Home > Resource Hub > Daily Market News > Will China pull the plug on US?

Will China pull the plug on US?

Will China pull the plug on US?

Rounding off from Friday’s performance, the USD held onto its gains following a late rally versus Sterling. However, the pair ran into some Dollar selling activity around a key level of support as the rate held firm. The move was in part attributed to strong manufacturing figures from the US which showed expansion through October and growth in the previous month.

Today we look at Stateside new home sale numbers on what is something of a peaceful day in terms of tier one data. Last week, strong existing home sales data propped the Dollar up, so, despite slightly more conservative consensus figures, analysts may be quietly confident of strong data.

News filtering through suggests that the People’s Bank of China (PBoC) are considering the idea of unpegging the RMB from the USD. As China are becoming increasingly impressive when seizing the right opportunities for monetary easing, it could provide yet another interesting aspect to prompt price action. We saw what happened when the Swiss Central bank unpegged the Franc from the Euro…could another meltdown be in the offing?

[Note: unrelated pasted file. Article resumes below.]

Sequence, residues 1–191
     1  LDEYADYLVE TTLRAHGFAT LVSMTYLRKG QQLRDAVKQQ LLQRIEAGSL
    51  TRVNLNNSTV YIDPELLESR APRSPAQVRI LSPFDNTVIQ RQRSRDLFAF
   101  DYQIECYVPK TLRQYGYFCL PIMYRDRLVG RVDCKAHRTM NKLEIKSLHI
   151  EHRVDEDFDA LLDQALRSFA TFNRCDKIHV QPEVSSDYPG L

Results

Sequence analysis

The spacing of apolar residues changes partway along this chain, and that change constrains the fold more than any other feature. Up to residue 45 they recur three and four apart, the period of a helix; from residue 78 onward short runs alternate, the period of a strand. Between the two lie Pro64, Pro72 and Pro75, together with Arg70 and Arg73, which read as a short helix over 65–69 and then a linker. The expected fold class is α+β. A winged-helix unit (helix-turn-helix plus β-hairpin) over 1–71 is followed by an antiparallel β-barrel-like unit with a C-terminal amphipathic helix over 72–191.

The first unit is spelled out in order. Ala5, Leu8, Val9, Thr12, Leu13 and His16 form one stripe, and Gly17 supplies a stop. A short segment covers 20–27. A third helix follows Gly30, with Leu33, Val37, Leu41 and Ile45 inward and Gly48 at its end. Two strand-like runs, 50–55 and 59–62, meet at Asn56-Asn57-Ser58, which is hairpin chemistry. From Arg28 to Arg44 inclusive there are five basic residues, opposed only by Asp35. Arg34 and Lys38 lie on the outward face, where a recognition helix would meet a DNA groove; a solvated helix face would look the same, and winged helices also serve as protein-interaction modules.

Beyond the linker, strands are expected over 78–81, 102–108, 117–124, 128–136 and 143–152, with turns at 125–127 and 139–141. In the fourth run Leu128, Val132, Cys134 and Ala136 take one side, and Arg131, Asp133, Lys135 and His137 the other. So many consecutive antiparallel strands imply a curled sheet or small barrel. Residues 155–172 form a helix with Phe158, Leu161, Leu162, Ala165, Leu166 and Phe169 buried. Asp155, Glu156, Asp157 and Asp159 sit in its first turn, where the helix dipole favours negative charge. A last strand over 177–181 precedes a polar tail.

Sterling gained 2% versus the Euro last Thursday and, significantly, has held firm over the weekend despite Mark Carney’s comments that a UK rate hike was not a certainty. The strong UK retail sales report released last week didn’t prevent a sell-off on Friday against the Dollar pushing Sterling down 0.5%. Tuesday morning will see the release of UK GDP data. The UK’s economy expanded 0.7% in the second quarter, compared to a 0.4% growth in the previous quarter. Economic output was 2.6% higher than in the same period a year ago. This was the tenth quarter of sustained economic growth. Industrial output figures registered the biggest increase since late 2010, rising 7.8%. Domestic demand is rising due to low inflation boosting consumer spending. However, there are still risks in the world economy with instability in the Eurozone and in China. UK GDP is expected to reach 0.6% in the third quarter.

The Euro took a battering last week following indications from the European Central Bank that quantitative easing could well be extended in December. Following the comments, EUR/USD took a slide by more than 250 pips. The Euro has since clawed back a little strength against Sterling as the market consolidates the heavy losses of last week’s sell off.

Any alteration of the Euro rate today will likely be from German IFO expectations and assessment, as this is the only main highlight for the Eurozone today. Markets will be poised to see if the there is further room for the Euro to fall this week and possibly for the rest of year now that continued stimulus has been hinted at. With the floor falling out from under the Euro, all that money has to find a home somewhere and that home seems to be in Swiss Francs, causing consternation for the Swiss National Bank and the nation’s exporters.

Share this case study
Set yourself up in minutes, make payments the same day: it’s free, easy and without obligation.